I encourage people to check out the excellent documentary A Place at the Table which is available via multiple streaming services including Netflix.

  5. Great post James. Just like generational wealth, generational poverty is a reality. Me and Leah watched a documentary called “Crips and Bloods made in America” while this focused on only a small segment of the impoverished in America it opened our eyes as to why this cycle is so hard to break. It also gives a brief history of the plight of the poor in America. At the end of this documentary there are several men and the groups they represent. If people really want to make a positive impact I say send donations to where the problems actually exist and to the people that have risen above the circumstances created for them.

    • “Just like generational wealth, generational poverty is a reality.” Exactly right. Great point, my friend. It is hard to break out of a cycle if all you know is one way to live, do not have positive examples and lack the resources that many take for granted.

  6. Hey, James. Beautiful post. Mrs. Groovy and I talked about it all afternoon. We tried to come up with solutions for Lauren but failed miserably. Unemployed, unskilled, no family, a small child, and two hours from a reasonably healthy job market–those are mighty tough hurtles to overcome. College is a joke. Job training doesn’t appear available. Marriage to a great guy with a good job is probably as likely as winning the lottery. Mrs. Groovy wondered about crowd-funding a car with a gas card to make her commute less onerous. I wondered about crowd-funding the money necessary to start a one-woman micro business. I know it sounds absurd, but maybe if she was given a lawnmower and a gift card for the gas mixture, she could cut lawns for $10-$15 per house. But sadly, we all know that crowd-funding for Lauren isn’t going to happen. Does crowd-funding to help poor people get the basic tools for employment and self-employment even exist? What a mess.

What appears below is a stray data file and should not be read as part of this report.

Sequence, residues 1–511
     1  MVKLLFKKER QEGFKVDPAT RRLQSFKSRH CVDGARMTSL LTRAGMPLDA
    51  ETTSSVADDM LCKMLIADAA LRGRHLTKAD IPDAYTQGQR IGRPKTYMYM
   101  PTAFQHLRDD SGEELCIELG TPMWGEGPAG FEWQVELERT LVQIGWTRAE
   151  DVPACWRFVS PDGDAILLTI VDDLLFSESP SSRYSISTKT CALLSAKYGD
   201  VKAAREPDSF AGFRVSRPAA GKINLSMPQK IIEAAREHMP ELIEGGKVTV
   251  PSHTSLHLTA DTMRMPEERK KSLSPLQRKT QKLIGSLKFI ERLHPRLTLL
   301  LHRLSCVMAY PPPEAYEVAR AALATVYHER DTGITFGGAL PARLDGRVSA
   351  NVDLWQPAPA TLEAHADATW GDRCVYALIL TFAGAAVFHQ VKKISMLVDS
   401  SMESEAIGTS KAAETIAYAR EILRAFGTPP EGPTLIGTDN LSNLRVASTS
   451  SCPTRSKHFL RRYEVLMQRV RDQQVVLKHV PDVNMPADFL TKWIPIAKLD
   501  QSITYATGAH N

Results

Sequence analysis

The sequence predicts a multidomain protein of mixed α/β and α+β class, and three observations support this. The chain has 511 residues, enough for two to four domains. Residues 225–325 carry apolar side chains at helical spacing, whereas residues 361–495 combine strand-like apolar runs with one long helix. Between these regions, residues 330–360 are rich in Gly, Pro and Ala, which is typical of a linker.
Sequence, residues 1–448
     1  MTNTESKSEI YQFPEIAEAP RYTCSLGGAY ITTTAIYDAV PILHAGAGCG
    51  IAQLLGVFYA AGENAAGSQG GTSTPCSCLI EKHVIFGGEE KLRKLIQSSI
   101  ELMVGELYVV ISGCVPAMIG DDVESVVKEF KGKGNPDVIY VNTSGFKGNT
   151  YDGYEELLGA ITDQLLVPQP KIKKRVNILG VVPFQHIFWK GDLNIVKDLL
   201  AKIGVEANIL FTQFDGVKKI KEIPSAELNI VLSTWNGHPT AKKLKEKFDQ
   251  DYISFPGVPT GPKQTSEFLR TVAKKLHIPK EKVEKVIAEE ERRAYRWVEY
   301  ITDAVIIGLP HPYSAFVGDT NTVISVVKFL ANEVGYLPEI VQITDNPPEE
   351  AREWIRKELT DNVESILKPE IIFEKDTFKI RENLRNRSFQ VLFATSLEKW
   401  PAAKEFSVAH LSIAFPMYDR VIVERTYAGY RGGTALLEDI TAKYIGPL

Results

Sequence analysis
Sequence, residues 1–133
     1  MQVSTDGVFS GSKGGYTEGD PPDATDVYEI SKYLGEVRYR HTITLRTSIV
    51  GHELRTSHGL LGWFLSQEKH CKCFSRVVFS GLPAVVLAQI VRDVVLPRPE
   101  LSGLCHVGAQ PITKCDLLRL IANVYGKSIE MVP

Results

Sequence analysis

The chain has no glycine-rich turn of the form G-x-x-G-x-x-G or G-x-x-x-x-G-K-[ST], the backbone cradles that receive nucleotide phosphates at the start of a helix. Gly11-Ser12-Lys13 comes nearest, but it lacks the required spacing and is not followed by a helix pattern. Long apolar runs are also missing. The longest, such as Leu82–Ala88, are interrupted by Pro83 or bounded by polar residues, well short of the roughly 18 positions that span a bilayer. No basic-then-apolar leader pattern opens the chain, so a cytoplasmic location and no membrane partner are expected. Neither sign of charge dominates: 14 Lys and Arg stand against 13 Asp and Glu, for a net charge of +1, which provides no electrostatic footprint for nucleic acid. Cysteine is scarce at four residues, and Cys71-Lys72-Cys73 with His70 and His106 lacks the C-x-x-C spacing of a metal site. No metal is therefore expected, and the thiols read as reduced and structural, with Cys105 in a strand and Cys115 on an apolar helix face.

• It is definitely a tough nut to crack. I’ve come to believe that ideally, we would develop and implement social programs/policies that are designed to raise the base of the pyramid, minimizing the Physiological and Safety levels to the greatest extent possible; in essence, providing maximum opportunity for people to focus on the top three levels. Of course such programs/policies will never come into existence. We are too politically divided and ours is a society that is very much focused on individual achievement and accomplishment. I can already hear the howls of socialism and communism. What I believe we are left with is the hope that those that are in a position to think and act beyond themselves do so on the largest scale possible, touching as many people as possible.

  7. Well written observation James.

    Friday inside the barbershop (where you will always find discussions about politics, race, religion, sports, money, cars and sex) there was a very emotional discussion about politics and how poor people vote. There were no winners and I doubt anyone was able to change anyone else’s point of view.

    My observation rested on thinking styles; mine and others. We derive meaning and process thoughts based on our own experiences. Looking beyond ourselves (also, at times our own experiences) and helping others move higher is better thinking.